Consider Dr. Ferguson’s view of self-care as the predominant form of health care. This is where patients are free to fully exercise their self-determination, deciding how to eat, exercise, care for their emotional well-being, or whether to smoke cigarettes, drink alcohol and engage in dangerous or harmful behaviors. This is potentially disastrous from a public health perspective. Yet, we are tolerant of this model in part because we believe that, like ourselves, most people do not intend to make their lives worse by their own choosing.
The U.S. Census Bureau tells us that the average number of medical provider visits per year is close to 4. That’s only 4 interactions with health care per year. If patients already spend most of their time caring for themselves without a doctor’s supervision, it would seem reasonable to empower them further and trust their knowledge of themselves. To quote Dr. Ferguson’s “Second Law”, “some of the most promising opportunities for improving our health care system involve finding ways to make health tools, information, skills, and support available through lay channels”. Imagine a world where medical journals are open to public access and not locked behind a paywall.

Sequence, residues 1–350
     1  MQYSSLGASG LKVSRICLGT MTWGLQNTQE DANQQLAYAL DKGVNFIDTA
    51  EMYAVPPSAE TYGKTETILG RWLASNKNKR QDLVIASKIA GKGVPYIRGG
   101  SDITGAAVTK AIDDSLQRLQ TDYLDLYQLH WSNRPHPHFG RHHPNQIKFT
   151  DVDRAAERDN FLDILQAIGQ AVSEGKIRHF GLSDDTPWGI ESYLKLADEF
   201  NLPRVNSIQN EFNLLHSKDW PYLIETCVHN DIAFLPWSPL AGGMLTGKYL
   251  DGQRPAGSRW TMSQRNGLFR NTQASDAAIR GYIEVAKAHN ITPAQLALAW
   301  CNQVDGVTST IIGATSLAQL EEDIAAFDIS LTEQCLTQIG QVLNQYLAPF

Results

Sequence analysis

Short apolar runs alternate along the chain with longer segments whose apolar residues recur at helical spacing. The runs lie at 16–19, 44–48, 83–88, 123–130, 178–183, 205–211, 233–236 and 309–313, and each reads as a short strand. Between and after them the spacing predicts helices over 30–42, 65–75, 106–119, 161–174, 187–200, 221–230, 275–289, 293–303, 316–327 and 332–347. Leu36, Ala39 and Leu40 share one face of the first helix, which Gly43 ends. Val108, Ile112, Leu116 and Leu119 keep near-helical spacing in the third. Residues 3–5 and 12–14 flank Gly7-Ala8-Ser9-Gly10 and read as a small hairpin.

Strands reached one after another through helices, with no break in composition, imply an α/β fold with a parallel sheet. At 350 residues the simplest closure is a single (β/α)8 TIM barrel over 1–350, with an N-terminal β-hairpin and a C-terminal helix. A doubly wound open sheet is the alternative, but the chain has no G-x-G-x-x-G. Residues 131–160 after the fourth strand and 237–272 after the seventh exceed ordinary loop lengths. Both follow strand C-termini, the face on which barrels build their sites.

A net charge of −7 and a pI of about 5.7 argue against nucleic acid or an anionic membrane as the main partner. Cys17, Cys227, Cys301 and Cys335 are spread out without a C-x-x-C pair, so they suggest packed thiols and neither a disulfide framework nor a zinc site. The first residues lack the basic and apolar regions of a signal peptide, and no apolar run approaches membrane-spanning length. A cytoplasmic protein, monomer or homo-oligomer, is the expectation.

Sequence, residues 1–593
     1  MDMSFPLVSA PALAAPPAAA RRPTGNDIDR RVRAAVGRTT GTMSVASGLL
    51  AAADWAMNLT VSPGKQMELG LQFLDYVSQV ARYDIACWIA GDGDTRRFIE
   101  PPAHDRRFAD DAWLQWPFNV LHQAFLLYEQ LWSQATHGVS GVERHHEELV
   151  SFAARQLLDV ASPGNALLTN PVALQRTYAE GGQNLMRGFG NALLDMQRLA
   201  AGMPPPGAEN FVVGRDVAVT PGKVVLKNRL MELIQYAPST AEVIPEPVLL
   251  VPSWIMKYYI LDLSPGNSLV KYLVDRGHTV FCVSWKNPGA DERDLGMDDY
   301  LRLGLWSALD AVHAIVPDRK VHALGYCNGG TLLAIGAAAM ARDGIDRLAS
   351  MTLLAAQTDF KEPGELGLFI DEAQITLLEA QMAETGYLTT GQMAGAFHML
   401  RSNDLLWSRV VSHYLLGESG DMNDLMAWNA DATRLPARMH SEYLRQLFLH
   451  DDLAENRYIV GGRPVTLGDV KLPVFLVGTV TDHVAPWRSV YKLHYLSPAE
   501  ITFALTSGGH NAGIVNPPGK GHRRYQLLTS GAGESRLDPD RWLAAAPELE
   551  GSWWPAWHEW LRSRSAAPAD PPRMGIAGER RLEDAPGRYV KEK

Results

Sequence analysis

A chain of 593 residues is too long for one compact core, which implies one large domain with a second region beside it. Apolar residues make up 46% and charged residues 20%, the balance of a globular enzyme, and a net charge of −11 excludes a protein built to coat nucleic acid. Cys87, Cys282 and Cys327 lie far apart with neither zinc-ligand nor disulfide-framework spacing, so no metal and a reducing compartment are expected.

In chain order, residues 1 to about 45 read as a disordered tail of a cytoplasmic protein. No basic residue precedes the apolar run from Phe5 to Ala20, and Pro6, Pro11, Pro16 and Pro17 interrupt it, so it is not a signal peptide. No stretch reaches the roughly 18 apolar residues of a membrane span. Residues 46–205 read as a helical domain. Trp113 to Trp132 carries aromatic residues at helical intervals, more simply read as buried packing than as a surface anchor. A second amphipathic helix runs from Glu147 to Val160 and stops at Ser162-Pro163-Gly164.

Finally, we must think of patient autonomy as not simply a status or principle of medical ethics. Autonomy is a skill that must be encouraged, developed and maintained. Patients must engage in the practice of autonomy as physicians engage in the practice of medicine.
Alas, patient autonomy is an ideal that can never be perfectly achieved in clinical care. It often ends where it may conflict with a physician’s duty to beneficence. Even the most empowered of epatients cannot always be completely autonomous. We must accept that. There are, however, autonomous moments in care where patients can exercise self-determination. Those moments should be supported and encouraged.
Autonomy is true empowerment. It promotes patient responsibility and holds the promise to lead us to more engagement and better health. We must move beyond participatory medicine and focus on educating, enabling and equipping patients with the tools necessary to master autonomy and the art of self-care.